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TUESDAY, July 6, 2021 (HealthDay News)
In both groups, CD4+ "helper" T-cells and CD8+ "killer" T-cells can recognize the Delta mutation and three other widespread variants of concern.
That's key to the immune system's ability to kill infected cells and stop severe infections, researchers from the La Jolla (Calif.) Institute of Immunology explained.
The Moderna and Pfizer COVID vaccines are two of three approved for use in the United States. The third — the Johnson & Johnson vaccine — wasn't included because it wasn't available when the study began. But the company announced Thursday that preliminary research shows the vaccine is effective against the Delta variant.
The Pfizer/Moderna findings were published July 1 in the journal Cell Reports Medicine.
"This study suggests that the impact of mutations found in the variants of concern is limited," said senior author Alessandro Sette, of the institute's Center for Infectious Disease and Vaccine Research. "We can presume that T-cells would still be available as a line of defense against viral infection."
Researchers noted that their study only examined how T-cells respond to variants of concern, and that several are associated with lower levels of virus-fighting antibodies.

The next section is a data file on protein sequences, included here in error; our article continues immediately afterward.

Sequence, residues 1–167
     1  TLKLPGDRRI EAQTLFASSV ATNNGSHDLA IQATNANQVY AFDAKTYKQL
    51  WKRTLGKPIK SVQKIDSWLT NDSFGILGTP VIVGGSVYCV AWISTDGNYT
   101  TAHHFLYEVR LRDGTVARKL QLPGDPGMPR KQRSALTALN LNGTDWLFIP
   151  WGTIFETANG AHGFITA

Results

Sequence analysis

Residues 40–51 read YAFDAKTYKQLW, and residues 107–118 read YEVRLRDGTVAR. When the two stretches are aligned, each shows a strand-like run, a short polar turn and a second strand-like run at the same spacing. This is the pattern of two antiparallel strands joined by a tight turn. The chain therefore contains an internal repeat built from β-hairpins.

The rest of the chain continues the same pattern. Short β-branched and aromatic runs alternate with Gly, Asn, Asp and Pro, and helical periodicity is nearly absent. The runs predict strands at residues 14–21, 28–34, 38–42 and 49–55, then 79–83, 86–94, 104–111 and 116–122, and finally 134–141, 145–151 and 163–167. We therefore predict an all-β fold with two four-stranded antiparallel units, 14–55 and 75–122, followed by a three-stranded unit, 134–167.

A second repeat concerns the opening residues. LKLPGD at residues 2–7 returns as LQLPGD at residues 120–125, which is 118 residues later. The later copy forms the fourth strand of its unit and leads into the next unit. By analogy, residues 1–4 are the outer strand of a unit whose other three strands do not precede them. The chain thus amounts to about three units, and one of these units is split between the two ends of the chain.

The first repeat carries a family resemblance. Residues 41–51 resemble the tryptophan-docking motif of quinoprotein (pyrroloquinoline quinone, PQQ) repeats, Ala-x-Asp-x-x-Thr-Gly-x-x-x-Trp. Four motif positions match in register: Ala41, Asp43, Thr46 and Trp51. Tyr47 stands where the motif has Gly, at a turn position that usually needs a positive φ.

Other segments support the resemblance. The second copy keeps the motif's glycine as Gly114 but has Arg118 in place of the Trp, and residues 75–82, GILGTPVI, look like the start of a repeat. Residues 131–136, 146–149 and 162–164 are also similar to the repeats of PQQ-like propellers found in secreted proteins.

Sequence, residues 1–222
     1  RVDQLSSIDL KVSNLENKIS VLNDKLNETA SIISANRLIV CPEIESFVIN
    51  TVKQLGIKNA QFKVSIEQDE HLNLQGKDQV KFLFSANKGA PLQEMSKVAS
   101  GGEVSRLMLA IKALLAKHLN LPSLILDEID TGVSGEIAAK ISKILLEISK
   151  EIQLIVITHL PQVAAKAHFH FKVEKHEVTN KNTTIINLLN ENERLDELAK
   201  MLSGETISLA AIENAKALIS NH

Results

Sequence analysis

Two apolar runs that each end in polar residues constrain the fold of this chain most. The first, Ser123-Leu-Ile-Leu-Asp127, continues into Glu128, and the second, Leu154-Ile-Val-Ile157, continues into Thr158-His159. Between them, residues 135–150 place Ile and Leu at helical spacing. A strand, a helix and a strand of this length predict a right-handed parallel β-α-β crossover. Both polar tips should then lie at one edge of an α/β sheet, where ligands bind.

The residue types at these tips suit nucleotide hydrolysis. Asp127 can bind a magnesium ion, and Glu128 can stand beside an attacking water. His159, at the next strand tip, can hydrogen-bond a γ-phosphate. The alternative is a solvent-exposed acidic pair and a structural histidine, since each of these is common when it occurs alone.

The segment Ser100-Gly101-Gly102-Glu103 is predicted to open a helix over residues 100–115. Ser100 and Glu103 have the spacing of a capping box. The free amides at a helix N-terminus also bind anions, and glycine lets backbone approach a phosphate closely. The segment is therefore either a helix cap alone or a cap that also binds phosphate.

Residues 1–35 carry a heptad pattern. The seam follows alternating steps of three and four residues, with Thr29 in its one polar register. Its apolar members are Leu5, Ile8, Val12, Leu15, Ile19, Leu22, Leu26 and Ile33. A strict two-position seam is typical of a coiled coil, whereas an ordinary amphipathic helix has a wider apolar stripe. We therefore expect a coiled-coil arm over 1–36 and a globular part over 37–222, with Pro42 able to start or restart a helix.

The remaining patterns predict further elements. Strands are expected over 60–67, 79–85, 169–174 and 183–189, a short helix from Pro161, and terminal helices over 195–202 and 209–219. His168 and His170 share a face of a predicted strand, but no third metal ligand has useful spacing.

"These variants are still a concern, but our study shows that even if there is a decrease in antibodies, as other studies have shown, the T-cells remain largely unaffected," said study co-author Alba Grifoni, an instructor at the institute. "The vaccines still work."
Co-author Shane Crotty said the findings highlight the importance of enlisting T-cells to fight the new coronavirus.
"COVID vaccines do a fantastic job of making antibodies that stop SARS-CoV-2 infections, but some of the vaccines do less well at stopping infections from variants," he said in an institute news release.
"You can think of T-cells as a backup system: If the virus gets past the antibodies -- if you have vaccine T-cells -- the T cells can probably still stop the variant coronavirus infection before you get pneumonia," said Crotty, a professor at the institute.
Research is underway to take advantage of the apparent flexibility in T-cell response.
For example, Grifoni said, it may be possible to develop booster shots that could increase immunity by prompting the body to produce more antibodies against coronavirus variants and/or by adding additional parts of the virus recognized by T-cells.
SOURCE: La Jolla Institute for Immunology, news release, July 1, 2021
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